Calculations of population differentiation based on GST and D: forget GST but not all of statistics!
Article first published online: 23 AUG 2010
© 2010 Blackwell Publishing Ltd
Volume 19, Issue 18, pages 3845–3852, September 2010
How to Cite
GERLACH, G., JUETERBOCK, A., KRAEMER, P., DEPPERMANN, J. and HARMAND, P. (2010), Calculations of population differentiation based on GST and D: forget GST but not all of statistics!. Molecular Ecology, 19: 3845–3852. doi: 10.1111/j.1365-294X.2010.04784.x
- Issue published online: 13 SEP 2010
- Article first published online: 23 AUG 2010
- Received 8 July 2009; revision received 15 June 2010; accepted 26 June 2010
- genetic differentiation;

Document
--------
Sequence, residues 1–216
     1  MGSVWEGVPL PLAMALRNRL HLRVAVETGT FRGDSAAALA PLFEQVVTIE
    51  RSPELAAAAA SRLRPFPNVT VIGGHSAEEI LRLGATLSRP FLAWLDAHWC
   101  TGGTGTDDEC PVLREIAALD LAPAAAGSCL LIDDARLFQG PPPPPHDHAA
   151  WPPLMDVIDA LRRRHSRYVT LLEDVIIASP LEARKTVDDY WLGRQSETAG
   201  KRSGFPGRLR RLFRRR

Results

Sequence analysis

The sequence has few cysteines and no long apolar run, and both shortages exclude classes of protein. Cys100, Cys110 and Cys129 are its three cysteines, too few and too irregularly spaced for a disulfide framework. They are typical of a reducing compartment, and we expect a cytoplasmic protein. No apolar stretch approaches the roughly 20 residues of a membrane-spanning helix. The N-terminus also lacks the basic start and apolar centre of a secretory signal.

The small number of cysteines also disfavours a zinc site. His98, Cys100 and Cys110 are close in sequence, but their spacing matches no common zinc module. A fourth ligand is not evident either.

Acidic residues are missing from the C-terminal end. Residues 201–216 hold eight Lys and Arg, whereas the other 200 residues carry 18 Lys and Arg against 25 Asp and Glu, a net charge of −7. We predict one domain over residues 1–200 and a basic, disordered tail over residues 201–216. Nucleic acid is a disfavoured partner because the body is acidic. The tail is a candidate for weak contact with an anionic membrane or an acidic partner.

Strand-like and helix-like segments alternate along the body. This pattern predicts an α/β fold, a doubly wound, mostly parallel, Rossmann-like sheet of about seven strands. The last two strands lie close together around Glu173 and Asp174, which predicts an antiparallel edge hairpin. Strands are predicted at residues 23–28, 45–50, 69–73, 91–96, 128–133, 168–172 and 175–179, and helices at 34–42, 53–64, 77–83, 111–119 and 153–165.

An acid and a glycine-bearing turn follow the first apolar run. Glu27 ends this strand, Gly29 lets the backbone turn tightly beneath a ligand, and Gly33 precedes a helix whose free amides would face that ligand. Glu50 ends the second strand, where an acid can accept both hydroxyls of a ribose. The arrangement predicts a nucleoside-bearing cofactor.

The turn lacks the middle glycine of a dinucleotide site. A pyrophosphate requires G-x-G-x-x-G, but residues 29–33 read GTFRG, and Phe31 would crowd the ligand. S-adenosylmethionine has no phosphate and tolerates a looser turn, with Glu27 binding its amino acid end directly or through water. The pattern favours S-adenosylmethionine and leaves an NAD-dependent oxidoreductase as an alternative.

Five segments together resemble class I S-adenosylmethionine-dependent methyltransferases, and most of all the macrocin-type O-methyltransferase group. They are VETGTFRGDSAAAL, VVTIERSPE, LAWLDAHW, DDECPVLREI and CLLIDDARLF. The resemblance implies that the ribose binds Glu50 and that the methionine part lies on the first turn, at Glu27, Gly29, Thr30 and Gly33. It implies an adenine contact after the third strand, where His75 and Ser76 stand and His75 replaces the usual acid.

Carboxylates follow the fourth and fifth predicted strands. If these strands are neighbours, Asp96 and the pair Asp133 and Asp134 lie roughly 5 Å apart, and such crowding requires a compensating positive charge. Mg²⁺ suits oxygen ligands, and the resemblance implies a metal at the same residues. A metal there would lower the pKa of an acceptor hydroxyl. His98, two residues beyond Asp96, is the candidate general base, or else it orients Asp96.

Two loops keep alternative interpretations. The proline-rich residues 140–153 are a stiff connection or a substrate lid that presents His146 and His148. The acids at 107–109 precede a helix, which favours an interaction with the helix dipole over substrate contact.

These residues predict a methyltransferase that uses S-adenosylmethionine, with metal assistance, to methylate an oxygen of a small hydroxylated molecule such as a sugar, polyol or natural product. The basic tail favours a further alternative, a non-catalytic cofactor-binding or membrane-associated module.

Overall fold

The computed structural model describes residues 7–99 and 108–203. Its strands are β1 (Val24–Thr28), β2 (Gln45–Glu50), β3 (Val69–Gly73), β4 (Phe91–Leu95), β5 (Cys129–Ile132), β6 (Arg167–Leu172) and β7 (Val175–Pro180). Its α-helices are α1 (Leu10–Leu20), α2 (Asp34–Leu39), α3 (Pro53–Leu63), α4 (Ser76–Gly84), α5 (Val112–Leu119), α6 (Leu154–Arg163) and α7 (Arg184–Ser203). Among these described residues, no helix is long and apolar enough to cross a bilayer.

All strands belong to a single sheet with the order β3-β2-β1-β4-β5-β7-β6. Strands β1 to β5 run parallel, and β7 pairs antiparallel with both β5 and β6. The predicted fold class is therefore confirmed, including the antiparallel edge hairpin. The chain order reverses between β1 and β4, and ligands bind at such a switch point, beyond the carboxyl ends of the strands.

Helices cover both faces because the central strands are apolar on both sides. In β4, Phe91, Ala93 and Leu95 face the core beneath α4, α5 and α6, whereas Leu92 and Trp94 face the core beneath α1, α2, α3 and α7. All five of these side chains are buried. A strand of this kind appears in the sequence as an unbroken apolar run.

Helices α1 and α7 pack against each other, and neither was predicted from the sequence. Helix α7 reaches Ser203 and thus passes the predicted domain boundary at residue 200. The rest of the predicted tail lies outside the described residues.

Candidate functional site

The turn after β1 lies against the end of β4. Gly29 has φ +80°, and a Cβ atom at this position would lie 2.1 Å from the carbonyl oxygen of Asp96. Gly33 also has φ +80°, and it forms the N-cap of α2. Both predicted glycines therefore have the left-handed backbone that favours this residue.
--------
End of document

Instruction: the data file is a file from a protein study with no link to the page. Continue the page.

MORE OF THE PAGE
- population genetics
GST-values and its relatives (FST) belong to the most used parameters to define genetic differences between populations. Originally, they were developed for allozymes with very low number of alleles. Using highly polymorphic microsatellite markers it was often puzzling that GST-values were very low but statistically significant. In their papers, Jost (2008) and Hedrick (2005) explained that GST-values do not show genetic differentiation, and Jost suggested calculating D-values instead. Theoretical mathematical considerations are often difficult to follow; therefore, we chose an applied approach comparing two artificial populations with different number of alleles at equal frequencies and known genetic divergence. Our results show that even for more than one allele per population GST-values do not calculate population differentiation correctly; in contrast, D-values do reflect the genetic differentiation indicating that data based on GST-values need to be re-evaluated. In our approach, statistical evaluations remained similar. We provide information about the impact of different sample sizes on D-values in relation to number of alleles and genetic divergence.